A version of this article originally appeared on CodeNewbie.org and was written by Saron Yitbarek.
Three amazing mentors with years of experience in the gaming industry shared their thoughts about the field with us, answered your questions, and responded to the most common questions they were asked. Here's what they said...
"I just started my first engineering job! How do I transition to a job in games?"
I don’t think you need special knowledge to work in games. Just a lot of passion, and some understanding of how real time applications work. However, it is important to show the passion -- it's often done through side projects or participation in game jams. Game companies also value team work, especially communications with non-engineers, so seek out people of other disciplines to collaborate with!
Furthermore, participating or volunteering in games conferences would also connect you to a lot of people. Even if they can't get you a job, they are all passionate about games and are great people you can work with!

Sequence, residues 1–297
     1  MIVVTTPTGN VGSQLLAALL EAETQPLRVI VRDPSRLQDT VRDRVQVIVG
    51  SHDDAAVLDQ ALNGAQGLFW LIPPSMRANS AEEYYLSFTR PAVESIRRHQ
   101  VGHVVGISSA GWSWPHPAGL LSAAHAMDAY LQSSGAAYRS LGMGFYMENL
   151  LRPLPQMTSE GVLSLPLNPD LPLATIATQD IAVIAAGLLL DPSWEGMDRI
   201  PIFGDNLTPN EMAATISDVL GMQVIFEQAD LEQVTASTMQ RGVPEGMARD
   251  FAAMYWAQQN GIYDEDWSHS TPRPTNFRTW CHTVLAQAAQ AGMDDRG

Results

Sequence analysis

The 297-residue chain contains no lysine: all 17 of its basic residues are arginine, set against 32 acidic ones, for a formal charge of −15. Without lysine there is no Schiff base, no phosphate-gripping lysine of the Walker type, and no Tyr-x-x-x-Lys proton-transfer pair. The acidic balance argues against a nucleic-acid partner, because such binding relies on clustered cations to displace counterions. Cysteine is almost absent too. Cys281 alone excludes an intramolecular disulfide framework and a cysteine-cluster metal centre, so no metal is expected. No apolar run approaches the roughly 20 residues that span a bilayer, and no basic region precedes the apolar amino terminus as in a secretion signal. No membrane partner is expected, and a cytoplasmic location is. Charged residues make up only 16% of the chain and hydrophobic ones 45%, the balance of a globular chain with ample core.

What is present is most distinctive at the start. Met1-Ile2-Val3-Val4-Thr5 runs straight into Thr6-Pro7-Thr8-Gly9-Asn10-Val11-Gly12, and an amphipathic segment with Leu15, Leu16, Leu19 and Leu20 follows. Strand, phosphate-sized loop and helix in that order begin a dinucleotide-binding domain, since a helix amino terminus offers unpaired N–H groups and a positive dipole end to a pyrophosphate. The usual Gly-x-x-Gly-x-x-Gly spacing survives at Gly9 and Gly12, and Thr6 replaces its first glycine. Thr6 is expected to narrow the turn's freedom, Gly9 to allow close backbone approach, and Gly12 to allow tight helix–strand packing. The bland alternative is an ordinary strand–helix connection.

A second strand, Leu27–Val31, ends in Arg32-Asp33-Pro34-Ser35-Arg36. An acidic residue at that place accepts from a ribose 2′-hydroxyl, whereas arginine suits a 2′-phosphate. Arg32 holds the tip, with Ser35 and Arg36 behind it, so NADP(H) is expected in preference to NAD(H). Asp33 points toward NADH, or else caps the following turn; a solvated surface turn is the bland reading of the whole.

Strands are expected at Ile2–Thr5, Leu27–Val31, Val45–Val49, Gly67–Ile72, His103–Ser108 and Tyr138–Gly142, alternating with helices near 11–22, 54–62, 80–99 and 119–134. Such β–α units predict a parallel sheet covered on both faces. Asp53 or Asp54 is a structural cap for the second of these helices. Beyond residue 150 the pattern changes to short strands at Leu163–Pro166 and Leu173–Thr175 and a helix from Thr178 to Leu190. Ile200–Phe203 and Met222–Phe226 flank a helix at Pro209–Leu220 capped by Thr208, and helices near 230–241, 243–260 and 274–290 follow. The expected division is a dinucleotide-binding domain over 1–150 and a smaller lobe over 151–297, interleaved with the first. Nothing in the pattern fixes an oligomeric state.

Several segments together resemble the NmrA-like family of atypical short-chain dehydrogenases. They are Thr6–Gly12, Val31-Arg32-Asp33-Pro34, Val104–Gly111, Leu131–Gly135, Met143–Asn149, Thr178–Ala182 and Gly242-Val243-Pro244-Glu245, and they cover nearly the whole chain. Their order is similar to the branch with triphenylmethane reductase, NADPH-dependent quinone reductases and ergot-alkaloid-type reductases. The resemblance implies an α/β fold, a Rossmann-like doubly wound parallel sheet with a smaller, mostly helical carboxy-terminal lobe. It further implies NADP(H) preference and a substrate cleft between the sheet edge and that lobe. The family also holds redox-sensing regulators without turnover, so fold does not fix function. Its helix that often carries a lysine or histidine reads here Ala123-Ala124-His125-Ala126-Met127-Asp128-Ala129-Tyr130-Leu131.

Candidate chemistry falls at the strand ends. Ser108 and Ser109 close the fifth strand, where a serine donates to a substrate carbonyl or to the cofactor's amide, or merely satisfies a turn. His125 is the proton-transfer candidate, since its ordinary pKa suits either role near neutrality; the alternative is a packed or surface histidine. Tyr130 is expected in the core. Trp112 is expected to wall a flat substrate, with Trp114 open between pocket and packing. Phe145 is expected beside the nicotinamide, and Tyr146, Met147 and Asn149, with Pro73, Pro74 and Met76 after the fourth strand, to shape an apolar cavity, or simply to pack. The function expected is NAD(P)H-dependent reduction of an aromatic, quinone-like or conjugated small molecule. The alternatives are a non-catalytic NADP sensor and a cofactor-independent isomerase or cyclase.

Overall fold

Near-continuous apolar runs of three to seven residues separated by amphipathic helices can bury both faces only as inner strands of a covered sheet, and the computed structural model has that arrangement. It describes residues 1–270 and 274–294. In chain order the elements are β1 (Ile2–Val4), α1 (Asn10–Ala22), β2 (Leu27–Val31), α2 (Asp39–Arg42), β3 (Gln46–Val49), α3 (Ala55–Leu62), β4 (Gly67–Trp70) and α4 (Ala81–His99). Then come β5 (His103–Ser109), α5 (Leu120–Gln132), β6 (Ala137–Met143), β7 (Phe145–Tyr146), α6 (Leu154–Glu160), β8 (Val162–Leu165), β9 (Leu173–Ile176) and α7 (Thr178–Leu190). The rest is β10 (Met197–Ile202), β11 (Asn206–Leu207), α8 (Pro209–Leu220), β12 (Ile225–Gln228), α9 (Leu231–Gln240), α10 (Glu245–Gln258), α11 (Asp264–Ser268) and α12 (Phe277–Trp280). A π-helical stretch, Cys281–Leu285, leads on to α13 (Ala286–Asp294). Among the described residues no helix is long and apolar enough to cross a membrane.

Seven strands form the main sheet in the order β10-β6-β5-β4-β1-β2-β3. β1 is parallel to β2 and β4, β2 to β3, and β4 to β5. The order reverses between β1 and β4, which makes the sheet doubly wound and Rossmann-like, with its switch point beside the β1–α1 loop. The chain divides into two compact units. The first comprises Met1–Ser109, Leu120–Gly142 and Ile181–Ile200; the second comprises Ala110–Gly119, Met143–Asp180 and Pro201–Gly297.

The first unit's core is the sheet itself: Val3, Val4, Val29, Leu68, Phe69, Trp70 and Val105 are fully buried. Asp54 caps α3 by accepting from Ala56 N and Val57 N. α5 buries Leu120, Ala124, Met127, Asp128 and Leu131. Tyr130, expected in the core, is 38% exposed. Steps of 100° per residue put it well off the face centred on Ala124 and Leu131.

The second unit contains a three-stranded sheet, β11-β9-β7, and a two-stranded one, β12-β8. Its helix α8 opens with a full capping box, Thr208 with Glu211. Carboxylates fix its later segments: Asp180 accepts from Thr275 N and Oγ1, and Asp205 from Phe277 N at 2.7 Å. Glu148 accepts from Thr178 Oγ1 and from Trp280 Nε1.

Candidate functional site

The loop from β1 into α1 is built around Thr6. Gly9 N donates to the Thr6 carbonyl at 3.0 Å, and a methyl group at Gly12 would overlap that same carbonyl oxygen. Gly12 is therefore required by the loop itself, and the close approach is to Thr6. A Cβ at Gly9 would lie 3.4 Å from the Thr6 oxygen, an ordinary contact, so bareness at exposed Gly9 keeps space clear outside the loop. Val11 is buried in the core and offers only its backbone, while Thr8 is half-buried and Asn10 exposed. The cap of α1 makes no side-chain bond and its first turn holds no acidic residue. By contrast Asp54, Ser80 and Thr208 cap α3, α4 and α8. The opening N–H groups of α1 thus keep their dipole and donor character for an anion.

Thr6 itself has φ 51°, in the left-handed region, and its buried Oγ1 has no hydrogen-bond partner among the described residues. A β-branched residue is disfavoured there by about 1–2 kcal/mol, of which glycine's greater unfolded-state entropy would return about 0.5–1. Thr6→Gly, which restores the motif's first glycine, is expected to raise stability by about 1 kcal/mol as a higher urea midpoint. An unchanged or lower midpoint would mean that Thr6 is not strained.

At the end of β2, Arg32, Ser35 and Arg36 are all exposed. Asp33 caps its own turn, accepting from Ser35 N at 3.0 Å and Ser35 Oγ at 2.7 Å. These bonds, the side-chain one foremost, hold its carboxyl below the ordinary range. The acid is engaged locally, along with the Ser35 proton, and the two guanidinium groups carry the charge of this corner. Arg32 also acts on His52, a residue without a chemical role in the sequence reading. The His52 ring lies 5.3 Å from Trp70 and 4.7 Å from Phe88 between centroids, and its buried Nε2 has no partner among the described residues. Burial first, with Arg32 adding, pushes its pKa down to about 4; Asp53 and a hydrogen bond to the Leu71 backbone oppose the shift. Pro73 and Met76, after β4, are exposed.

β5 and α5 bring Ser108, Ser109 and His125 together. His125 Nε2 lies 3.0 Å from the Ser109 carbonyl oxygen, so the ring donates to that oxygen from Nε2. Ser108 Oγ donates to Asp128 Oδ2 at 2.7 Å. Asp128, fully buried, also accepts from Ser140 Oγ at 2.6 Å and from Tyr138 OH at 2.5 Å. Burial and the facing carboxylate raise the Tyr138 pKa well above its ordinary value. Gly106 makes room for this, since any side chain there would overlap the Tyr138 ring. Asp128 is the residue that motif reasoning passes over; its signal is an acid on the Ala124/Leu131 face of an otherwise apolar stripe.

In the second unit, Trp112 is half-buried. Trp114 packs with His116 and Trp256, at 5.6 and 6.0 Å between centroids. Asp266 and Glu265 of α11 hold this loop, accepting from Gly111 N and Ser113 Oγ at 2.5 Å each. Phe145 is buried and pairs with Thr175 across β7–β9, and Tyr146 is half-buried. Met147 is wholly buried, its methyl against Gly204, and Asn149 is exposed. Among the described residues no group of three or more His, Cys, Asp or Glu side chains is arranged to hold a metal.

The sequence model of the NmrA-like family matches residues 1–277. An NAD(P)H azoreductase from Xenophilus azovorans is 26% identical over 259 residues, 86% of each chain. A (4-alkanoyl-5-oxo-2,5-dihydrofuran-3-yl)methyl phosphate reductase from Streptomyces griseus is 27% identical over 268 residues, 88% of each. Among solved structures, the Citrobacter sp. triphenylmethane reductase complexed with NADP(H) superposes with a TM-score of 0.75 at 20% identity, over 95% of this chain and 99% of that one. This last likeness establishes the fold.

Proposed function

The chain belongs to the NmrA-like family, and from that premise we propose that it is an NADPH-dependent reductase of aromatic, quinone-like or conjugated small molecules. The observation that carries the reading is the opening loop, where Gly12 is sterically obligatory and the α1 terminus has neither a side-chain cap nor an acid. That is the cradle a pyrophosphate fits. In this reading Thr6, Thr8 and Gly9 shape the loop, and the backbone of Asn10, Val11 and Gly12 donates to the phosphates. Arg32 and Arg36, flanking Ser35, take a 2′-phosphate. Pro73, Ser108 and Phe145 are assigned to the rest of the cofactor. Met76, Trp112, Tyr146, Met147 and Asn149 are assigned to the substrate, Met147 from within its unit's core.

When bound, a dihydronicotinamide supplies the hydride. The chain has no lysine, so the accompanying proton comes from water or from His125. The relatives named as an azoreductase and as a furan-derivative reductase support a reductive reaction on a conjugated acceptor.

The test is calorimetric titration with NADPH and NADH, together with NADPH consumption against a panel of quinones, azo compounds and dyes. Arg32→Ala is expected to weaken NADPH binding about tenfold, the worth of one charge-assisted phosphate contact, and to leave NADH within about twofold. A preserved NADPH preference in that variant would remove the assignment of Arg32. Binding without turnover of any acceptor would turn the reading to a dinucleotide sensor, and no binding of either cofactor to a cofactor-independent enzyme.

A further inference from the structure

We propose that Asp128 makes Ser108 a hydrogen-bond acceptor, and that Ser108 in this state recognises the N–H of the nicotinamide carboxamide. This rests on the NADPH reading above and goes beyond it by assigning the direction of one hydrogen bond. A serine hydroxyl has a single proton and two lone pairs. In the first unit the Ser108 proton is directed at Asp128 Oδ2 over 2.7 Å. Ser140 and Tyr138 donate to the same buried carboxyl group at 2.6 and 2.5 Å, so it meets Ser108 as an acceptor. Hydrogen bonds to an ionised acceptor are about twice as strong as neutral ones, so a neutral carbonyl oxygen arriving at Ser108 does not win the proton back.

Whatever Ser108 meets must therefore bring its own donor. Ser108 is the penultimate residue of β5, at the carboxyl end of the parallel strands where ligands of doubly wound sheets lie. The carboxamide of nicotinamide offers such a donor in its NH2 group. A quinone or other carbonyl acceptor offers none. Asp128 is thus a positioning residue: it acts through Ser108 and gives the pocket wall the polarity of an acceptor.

Overwhelmingly people wanted to know how to get started with a career in programming. For some it was breaking into the games industry. For others it was starting a web development career. This line of inquiry came from beginners to working professionals. Everyone I talked to had at least some experience; which is awesome. Showing initiative is a key skill for both beginners and professionals alike.
In Indiana Jones 4 there's a scene where a student asks him for reading advice and Indie recommends someone from the field with the line "You wanna be a good archaeologist, you gotta get out of the library." I love this line, because it's exceptionally true for programming. The question of starting a career in programming is the question of how do I create value that others will recognize. You can spend your whole life being inundated by theory, whitepapers, books, tutorials, demos/samples, courses, etc. but if you never make something then you never take an actual step down the path in your career.
How does one get to the place of adding value? It starts by building intuition. Intuition comes from mulling something over till it clicks in your brain. People want to hire programmers that have a good mental model of the problem set(s) they are facing. That mental model is built on small blocks of intuition that get built up over time.